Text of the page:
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Dermatomyositis

Dermatomyositis (DM) is a long-term inflammatory disorder affecting the skin and muscles. It is characterised by a distinct skin rash and progressive muscle weakness. Although it usually manifests in individuals in their 40s and 50s, it can affect people of all ages, with a higher prevalence among women. The condition is chronic and carries potential complications such as calcinosis, lung inflammation, and heart disease.

Signs and Symptoms

Skin

One of the hallmark features of dermatomyositis is the characteristic skin rash. The rash can appear in various forms including a "heliotrope" (purplish or lilac) discolouration around the eyes, often accompanied by swelling. Additionally, rashes may appear on the upper chest and back, known as the "shawl" or "V-sign." Gottron's sign, another common rash, manifests as red or violet, sometimes scaly, slightly raised papules that erupt on finger joints, elbows, knees, or feet.

Discrete red areas overlying the knuckles in a person with juvenile dermatomyositis. These are known as Gottron's papules.
Discrete red areas overlying the knuckles in a person with juvenile dermatomyositis. These are known as Gottron's papules.

Gottron's papules on finger joints

Gottron's papules on the elbows of a person with juvenile DM
Gottron's papules on the elbows of a person with juvenile DM

Muscles

Muscle weakness is another primary symptom, particularly affecting the proximal muscles such as those in the shoulders and thighs. This progressive weakness makes everyday tasks like standing up, lifting, and climbing stairs increasingly difficult.

Other Symptoms

Around 30% of individuals with DM experience mild joint pain and swelling. Additionally, lung involvement can result in cough and difficulty breathing, and heart involvement may lead to arrhythmias. Gastrointestinal complications, more common in juvenile DM, can include vomiting blood and black tarry bowel movements.

Causes

The exact cause of dermatomyositis remains unknown, although it is hypothesised to result from an autoimmune response possibly triggered by viral infections or cancer. A significant proportion of DM cases are associated with malignancies like ovarian, breast, and lung cancer. Genetic predispositions also play a role, with certain HLA subtypes linked to autoimmune dermatomyositis.

Diagnosis

The diagnosis of dermatomyositis is based on a combination of clinical criteria:

  1. Muscle weakness in both thighs or both upper arms.
  2. Elevated levels of enzymes found in skeletal muscle detected via blood tests.
  3. Electromyography showing characteristic erratic and repetitive high-frequency signals.
  4. Muscle biopsy revealing mononuclear white blood cells between muscle cells and abnormal muscle cell degeneration.
  5. Presence of typical rashes such as heliotrope rash and Gottron's sign.
Calcification from dermatomyositis
Calcification from dermatomyositis
X-Ray of the knee in a person with dermatomyositis
X-Ray of the knee in a person with dermatomyositis
Micrograph of dermatomyositis, muscle biopsy, H&E stain
Micrograph of dermatomyositis, muscle biopsy, H&E stain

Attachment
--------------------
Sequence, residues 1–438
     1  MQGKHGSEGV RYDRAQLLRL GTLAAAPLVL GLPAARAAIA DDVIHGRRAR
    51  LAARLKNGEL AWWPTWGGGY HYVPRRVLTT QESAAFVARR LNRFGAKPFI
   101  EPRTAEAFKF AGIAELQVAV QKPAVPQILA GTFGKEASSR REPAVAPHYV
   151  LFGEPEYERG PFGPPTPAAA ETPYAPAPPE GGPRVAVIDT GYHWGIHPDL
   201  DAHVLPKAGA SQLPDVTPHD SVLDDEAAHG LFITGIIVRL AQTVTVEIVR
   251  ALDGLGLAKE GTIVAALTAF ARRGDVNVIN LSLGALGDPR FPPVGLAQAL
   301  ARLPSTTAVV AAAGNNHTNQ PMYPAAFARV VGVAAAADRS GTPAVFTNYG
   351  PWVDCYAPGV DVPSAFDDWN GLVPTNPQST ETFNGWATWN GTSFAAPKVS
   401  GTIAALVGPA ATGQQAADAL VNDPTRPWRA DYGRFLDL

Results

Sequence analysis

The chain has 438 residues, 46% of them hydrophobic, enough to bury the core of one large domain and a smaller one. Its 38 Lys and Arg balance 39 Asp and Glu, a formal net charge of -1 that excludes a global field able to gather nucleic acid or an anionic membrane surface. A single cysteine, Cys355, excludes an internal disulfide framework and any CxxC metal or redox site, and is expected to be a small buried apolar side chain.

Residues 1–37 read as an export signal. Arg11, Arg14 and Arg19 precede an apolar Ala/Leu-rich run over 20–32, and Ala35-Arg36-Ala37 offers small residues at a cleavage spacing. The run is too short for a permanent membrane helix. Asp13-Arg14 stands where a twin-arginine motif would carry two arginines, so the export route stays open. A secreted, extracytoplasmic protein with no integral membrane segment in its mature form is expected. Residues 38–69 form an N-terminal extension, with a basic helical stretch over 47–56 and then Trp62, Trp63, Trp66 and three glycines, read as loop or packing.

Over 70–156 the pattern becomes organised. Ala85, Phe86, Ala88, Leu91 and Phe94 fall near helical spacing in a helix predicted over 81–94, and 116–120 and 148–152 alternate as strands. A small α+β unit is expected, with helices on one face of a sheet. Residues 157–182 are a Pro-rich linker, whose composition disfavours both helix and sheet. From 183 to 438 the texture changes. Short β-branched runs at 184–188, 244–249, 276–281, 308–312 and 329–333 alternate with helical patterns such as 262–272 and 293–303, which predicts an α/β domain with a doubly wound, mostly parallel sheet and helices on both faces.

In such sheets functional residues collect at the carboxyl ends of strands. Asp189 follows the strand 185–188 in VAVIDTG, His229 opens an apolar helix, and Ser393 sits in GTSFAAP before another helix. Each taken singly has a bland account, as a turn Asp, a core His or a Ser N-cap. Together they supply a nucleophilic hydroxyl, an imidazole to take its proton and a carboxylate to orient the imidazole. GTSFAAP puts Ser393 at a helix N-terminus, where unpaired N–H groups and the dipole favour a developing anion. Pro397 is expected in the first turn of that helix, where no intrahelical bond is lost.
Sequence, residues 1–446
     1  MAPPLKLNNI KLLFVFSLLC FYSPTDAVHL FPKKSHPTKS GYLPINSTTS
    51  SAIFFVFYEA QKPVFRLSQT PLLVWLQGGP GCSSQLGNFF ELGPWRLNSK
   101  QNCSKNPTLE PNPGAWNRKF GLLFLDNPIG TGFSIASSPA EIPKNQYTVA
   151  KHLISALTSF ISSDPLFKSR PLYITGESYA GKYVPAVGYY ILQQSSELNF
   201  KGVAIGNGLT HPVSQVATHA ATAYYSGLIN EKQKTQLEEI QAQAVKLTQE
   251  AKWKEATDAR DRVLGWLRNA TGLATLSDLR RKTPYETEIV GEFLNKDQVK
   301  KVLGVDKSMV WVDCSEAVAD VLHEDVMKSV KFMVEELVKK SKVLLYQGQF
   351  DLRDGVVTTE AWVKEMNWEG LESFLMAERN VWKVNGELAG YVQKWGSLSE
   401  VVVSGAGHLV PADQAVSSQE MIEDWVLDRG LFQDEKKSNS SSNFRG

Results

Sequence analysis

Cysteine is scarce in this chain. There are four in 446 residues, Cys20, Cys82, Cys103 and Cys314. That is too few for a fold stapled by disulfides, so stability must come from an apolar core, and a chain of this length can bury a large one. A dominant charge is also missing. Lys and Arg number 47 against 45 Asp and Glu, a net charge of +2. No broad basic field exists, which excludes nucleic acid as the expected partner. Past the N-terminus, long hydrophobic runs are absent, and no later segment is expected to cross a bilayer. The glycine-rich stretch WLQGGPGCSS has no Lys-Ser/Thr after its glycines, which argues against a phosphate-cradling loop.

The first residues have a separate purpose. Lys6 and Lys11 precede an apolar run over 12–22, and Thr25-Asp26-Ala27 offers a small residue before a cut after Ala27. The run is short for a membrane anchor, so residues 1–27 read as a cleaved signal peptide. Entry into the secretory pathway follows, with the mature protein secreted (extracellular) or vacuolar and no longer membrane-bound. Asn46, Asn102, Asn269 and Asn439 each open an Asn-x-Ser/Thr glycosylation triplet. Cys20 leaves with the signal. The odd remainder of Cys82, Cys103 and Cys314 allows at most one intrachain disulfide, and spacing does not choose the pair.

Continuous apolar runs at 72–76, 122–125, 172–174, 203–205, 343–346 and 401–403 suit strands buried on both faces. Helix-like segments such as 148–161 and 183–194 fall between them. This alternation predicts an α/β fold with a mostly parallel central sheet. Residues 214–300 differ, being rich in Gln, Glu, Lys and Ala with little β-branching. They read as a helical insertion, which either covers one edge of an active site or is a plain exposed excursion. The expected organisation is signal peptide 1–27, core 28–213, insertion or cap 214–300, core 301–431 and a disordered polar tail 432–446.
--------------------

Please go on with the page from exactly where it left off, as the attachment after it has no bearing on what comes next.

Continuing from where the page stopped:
Treatment

While there is no cure for dermatomyositis, various treatments can manage and alleviate symptoms. Standard treatment includes corticosteroids, either in pill form or intravenously, and immunosuppressive drugs like azathioprine and methotrexate for those not responding to steroids. Intravenous immunoglobulin is also beneficial. Physical therapy is very important to prevent muscle atrophy and regain strength and range of motion. For skin manifestations, topical corticosteroids and high-protection sunscreen are recommended. In severe cases, surgery may be required to remove painful calcium deposits.

Prognosis

Prior to modern treatments, the prognosis for dermatomyositis was poor. Currently, the condition can be managed effectively with appropriate therapy, although complications involving the heart and lungs remain serious concerns. The cutaneous and muscular symptoms may not always improve concurrently, making treatment challenging.

Epidemiology

Dermatomyositis typically peaks in incidence among individuals aged 40–50, with a higher prevalence in women. The disease affects approximately one to 22 per 100,000 people.

History

The diagnostic criteria for dermatomyositis were established in 1975. The term "amyopathic dermatomyositis" or "DM sine myositis" was coined in 2002 for cases where skin involvement occurs without muscle weakness.

Notable Cases

Several notable individuals have been affected by dermatomyositis, including opera singer Maria Callas, actor Laurence Olivier, and American football player Ricky Bell.

Research

Ongoing research aims to understand the underlying causes and biomarkers of dermatomyositis. Clinical trials are investigating various drugs, including ajulaemic acid, adrenocorticotropic hormone gel, and abatacept, among others.


Self-assessment MCQs (single best answer)

What is the primary characteristic of dermatomyositis affecting the skin?



Which age group is most commonly affected by dermatomyositis?



Which of the following is NOT a common symptom of dermatomyositis?



What type of rash is characterised by red or violet, slightly raised papules on finger joints, elbows, knees, or feet?



What is a potential complication of dermatomyositis involving the lungs?



Which diagnostic method involves detecting erratic and repetitive high-frequency signals in dermatomyositis?



What is the term used for dermatomyositis cases where skin involvement occurs without muscle weakness?



Which medication is commonly used in the treatment of dermatomyositis?



What is the primary role of physical therapy in managing dermatomyositis?



Which of the following is a potential gastrointestinal complication of juvenile dermatomyositis?



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